|Publication number||US3316558 A|
|Publication date||May 2, 1967|
|Filing date||Nov 12, 1963|
|Priority date||Nov 12, 1963|
|Publication number||US 3316558 A, US 3316558A, US-A-3316558, US3316558 A, US3316558A|
|Inventors||La Vaughn L Mortensen|
|Original Assignee||La Vaughn L Mortensen|
|Export Citation||BiBTeX, EndNote, RefMan|
|Patent Citations (7), Referenced by (44), Classifications (11)|
|External Links: USPTO, USPTO Assignment, Espacenet|
May 2, 1967 LA VAUGHN MORTENSEN 3,316,558
PROSTHETIC LEG WITH A HYDRAULIC KNEE CONTROL Filed Nov. 12, 1-963 INVENTOR L0 Vaughn L. Morfensen ATTORNEY United States Patent 3,316,558 PROSTHETIC LEG WITH A HYDRAULIC KNEE CONTROL La Vaughn L. Mortensen, 616 W. 107th St., Los Angeles, Calif. 90044 Filed Nov. 12, 1963, Ser. No. 322,619 13 Claims. (Cl. 3-1.2)
This invention relates to artificial legs and more particularly to a means for controlling the knee action of a leg prosthesis adapted to be used by above-the-knee amputees. This prosthesis may be used in conjunction with an independent articulated foot and ankle prosthesis.
Leg prostheses are often costly and complex and the motion effected by many devices now in use is awkward and does not closely approximate a natural walking movement.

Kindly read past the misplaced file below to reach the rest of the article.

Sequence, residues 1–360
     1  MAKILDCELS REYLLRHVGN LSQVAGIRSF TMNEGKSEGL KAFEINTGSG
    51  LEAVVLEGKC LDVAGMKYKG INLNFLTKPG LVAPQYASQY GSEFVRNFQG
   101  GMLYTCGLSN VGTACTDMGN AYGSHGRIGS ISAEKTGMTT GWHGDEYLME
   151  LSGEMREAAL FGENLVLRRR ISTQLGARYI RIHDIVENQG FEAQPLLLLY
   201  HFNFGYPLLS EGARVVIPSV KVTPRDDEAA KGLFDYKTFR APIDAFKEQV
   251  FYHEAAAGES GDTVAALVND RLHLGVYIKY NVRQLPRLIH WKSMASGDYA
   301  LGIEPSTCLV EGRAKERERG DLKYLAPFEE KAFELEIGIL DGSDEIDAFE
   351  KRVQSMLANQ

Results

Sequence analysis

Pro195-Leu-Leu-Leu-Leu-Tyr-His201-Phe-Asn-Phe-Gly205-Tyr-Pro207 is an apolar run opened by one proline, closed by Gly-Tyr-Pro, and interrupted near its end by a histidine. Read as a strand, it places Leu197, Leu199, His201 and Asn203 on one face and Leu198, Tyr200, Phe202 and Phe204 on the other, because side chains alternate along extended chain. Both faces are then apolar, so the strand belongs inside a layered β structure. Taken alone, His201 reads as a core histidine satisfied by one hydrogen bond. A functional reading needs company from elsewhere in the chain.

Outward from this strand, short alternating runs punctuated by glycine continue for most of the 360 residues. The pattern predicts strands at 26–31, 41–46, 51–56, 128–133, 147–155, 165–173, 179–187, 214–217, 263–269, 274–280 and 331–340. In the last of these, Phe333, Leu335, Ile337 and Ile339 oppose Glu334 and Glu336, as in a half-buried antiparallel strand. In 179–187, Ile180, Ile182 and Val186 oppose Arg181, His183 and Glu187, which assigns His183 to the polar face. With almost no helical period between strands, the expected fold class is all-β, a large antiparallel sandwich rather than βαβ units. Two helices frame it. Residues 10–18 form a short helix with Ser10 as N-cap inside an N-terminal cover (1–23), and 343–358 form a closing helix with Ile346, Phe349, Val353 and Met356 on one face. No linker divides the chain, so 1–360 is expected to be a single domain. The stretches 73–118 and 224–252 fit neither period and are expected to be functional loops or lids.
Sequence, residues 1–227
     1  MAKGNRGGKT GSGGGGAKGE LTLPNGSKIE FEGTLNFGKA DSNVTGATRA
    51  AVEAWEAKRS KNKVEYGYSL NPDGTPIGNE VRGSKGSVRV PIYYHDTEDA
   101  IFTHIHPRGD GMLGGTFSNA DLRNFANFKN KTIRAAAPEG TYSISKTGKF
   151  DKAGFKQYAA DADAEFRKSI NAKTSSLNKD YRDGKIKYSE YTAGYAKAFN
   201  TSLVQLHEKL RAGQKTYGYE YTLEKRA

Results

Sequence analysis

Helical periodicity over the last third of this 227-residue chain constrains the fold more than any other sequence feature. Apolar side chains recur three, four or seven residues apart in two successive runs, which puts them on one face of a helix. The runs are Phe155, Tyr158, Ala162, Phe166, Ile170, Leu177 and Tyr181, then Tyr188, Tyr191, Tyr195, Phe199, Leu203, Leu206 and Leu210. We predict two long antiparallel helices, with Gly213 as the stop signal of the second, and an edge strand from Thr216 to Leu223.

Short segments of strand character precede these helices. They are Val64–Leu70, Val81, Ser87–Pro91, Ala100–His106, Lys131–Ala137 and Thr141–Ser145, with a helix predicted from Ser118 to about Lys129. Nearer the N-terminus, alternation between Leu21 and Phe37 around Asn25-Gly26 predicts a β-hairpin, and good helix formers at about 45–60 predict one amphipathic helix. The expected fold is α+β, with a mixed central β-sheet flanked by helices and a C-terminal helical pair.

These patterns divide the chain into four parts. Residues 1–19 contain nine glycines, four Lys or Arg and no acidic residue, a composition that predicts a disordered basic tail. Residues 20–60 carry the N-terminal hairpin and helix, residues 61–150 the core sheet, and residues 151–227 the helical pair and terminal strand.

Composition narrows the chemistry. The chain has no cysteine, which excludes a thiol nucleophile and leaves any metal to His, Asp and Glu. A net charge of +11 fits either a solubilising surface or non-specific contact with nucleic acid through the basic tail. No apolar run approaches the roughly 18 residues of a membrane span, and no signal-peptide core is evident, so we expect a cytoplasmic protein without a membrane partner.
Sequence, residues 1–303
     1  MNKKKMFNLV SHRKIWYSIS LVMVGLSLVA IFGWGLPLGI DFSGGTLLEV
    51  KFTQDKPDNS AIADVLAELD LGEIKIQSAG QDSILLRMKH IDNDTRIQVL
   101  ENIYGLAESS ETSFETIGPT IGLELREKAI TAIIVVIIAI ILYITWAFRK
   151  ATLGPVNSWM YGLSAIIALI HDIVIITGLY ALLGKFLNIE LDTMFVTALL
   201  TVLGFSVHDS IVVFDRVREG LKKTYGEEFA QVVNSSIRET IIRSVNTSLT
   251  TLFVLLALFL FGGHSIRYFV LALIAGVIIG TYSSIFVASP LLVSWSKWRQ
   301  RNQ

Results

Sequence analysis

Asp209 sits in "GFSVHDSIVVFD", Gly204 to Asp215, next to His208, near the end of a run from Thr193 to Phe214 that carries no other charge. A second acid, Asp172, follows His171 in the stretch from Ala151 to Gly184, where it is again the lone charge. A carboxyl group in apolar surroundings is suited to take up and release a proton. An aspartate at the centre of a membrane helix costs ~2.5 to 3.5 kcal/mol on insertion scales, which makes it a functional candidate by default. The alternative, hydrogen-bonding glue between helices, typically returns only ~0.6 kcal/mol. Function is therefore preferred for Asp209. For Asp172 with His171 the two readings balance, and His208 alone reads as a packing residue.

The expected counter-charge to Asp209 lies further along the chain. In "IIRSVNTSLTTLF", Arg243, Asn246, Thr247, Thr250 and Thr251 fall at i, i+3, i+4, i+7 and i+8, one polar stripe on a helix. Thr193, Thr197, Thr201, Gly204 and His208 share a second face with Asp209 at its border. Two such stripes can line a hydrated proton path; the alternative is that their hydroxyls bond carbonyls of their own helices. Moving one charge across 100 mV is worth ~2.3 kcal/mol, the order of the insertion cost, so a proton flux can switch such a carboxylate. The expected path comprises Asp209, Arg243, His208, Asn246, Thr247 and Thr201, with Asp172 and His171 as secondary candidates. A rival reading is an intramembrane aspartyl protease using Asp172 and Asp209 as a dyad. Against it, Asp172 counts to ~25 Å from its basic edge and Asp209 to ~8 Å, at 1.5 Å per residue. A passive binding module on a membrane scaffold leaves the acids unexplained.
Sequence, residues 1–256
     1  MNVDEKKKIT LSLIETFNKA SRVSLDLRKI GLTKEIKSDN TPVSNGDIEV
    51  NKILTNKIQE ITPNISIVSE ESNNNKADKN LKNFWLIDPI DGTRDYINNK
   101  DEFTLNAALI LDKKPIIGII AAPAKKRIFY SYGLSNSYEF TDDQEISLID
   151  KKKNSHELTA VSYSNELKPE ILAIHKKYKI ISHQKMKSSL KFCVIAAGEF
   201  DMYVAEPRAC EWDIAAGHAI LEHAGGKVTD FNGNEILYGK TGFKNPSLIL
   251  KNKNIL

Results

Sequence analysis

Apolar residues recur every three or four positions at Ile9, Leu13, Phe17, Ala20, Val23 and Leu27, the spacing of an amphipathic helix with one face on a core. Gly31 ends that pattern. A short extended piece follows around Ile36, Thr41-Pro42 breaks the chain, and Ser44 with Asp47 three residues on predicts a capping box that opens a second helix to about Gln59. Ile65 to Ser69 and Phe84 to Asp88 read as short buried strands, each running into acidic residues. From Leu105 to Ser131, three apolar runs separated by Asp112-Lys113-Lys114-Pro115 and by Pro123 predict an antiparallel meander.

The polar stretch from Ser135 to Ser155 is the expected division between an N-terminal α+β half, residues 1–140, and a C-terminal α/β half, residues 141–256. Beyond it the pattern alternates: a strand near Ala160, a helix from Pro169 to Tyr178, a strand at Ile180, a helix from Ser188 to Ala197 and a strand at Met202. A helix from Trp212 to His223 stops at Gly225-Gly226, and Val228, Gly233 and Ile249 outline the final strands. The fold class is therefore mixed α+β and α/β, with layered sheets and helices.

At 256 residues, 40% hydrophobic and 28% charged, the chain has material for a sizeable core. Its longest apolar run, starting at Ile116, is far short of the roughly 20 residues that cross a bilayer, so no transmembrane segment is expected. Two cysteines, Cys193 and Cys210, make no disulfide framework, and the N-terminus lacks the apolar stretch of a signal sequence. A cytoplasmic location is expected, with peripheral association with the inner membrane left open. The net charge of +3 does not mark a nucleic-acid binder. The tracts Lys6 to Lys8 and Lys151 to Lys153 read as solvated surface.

Many of the devices in use include variable controls which are needed by only a small percentage of amputees. The prosthesis of this invention is of simple construction and there are no adjustments for its few moving parts. Thus, the unit may be preset at the factory.
It is an object of this invention to provide a light, simple and inexpensive leg prosthesis.
Another object of this invention is to provide a hydraulically operated leg prosthesis which will enable an amputee to walk at a desired speed in a more natural manner.
It is a further object of this invention to provide a hydraulic knee control for a leg prosthesis which may be used in conjunction with an independent articulated foot and ankle prosthetic device.
A further object of this invention is to provide a knee control for a leg prosthesis which offers little resistance to the initial flexing movement of the knee but increases resistance to the flexing motion as speed and force of the movement increases.